The ADA Ambassador program was my first experience with a Bootcamp. Obviously, I was very excited and I was looking forward to meeting fellow hobbyists. What was great about the program was that it was very hands on – right from day 1, when we made a DOOA terrarium. This was my first terrarium and it was an interesting exercise. It was also my first experience working with a team on an aquarium project – presenting our ideas for the terrarium and brainstorming over the best way to do it was inspiring. We put our all into the terrarium; in fact, we were all curious about how it was doing even after Bootcamp got over.
And it got even better. The very next day, we started off with tank and gallery maintenance which is a morning ritual at ADA. I really liked how the office followed the Japanese etiquette of having employees clean the whole place with people taking turns to do the task, regardless of their position in the company. This was something unique and showed respect and dedication to the gallery and demonstrated how much effort goes into maintaining the beautiful looking display tanks. I had never collected water from local water bodies – especially for water testing. Going around Bangalore carrying bottles of cloudy water would have felt silly in any other context. The test results showed us how delicate our core natural resource, freshwater, is. Oh, and we still had fun: right from having meals at places like MTR to trespassing closed off areas for the task. Visiting the government-run aquarium and watching all the depressed fish in poorly maintained tanks was a harsh reality check of what mainstream understanding of the hobby.
I didn’t know people like Shimamura-san existed, especially in India, until I met him. I got to see what a high ranking IAPLC tank would be like. To be honest, we went in there with very high expectations since he was Japanese and was so engaged in the hobby, but looking at his house full of equipment and tanks of all sizes and his main tank towards the end of his life, it hit me that even someone as experienced as him faces the same issues I am trying to combat – long term sustainability of the hobby and maintenance. It was work with a lot of physical labour. That day gave me a better understanding of the fact that aquascaping is a team job. Regardless, it was fun exchanging a few phrases with him in Japanese.
The program was full of fun activities, right from creating an interesting Facebook post with Gagan to a session on sales with Harshal and to a session on verbal communication with Roger. I took home many things from all of these interactions for eg., I learned a very important mistake I used to make when speaking publicly and that is I would plan my entire agenda in a linear, bulletpoint fashion. But public speaking is also a conversation and it is more effective if you talk to a group of people as you would talk to one person. That was the most hard-hitting learning for me that day. I liked how all of these were essentially soft-skill training sessions disguised as activities without making us feel schooled or bored.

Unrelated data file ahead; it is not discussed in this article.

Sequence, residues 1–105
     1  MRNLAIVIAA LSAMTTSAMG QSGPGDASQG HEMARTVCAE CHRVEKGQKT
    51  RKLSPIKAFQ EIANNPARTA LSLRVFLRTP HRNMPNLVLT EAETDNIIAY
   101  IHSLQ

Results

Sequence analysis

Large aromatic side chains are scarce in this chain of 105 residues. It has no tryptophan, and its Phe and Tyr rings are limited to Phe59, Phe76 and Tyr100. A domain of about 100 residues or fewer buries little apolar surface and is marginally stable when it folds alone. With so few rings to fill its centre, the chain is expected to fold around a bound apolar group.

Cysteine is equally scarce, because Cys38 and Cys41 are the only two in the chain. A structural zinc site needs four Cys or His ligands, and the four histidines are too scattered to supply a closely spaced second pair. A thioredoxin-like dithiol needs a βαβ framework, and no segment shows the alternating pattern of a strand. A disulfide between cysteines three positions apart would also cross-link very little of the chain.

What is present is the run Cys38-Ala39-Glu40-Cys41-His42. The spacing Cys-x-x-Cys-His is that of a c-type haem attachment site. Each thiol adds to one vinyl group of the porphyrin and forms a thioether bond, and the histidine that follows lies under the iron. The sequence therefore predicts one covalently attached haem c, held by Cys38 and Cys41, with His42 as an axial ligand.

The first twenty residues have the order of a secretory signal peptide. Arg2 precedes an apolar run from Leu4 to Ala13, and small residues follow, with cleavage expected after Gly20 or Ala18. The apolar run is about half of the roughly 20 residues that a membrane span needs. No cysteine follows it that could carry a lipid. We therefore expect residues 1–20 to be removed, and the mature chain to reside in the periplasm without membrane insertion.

Coorg is a new level of adventure. Interestingly, I had visited Coorg just a few months earlier but the parts of Coorg that we explored during the Bootcamp were a world apart. Unlike my previous experience, which was at a resort with manicured gardens and trimmed trees, the experience at Coorg during the Bootcamp was with pristine, untouched nature. The experience wouldn’t, however, have been as wholesome if we did not have Adip as a guide pointing out different types of aquatic plants and their functions and how all these plants worked together in a natural system. While Adip focused on flora, Gagan, guided our attention to the fauna in the area. We also managed to learn the difference in quality of water in natural rivers as opposed to tap water. We found and christened Microsorum Sp. Mathias and managed to see some interesting plants and fishes from the wild. Also, coming across wild elephants and deer was fantastic.
All in all, Coorg was a bonding experience for the whole team. We also got to know each other up close and personal. Adip shared a lot of personal stories about his journey with ADA and how much time and effort he took to get to where he is today, including his association with Mr. Amano and team ADA.
In addition to all that, the Bootcamp really got me moving! Walking and exploring really kicked the lethargy out of my system and I saw Namma Bangalore from a new perspective. I definitely want to thank Gagan for helping me explore my own city – including trying out popular local eateries – each with their own history.
This hobby is as much of an art as it is a science and I have a lot to learn yet. This bootcamp has accelerated my learning process and has given peers who will help me in my journey. I conclude this write up with something I reflected over and realized towards the end of our trip…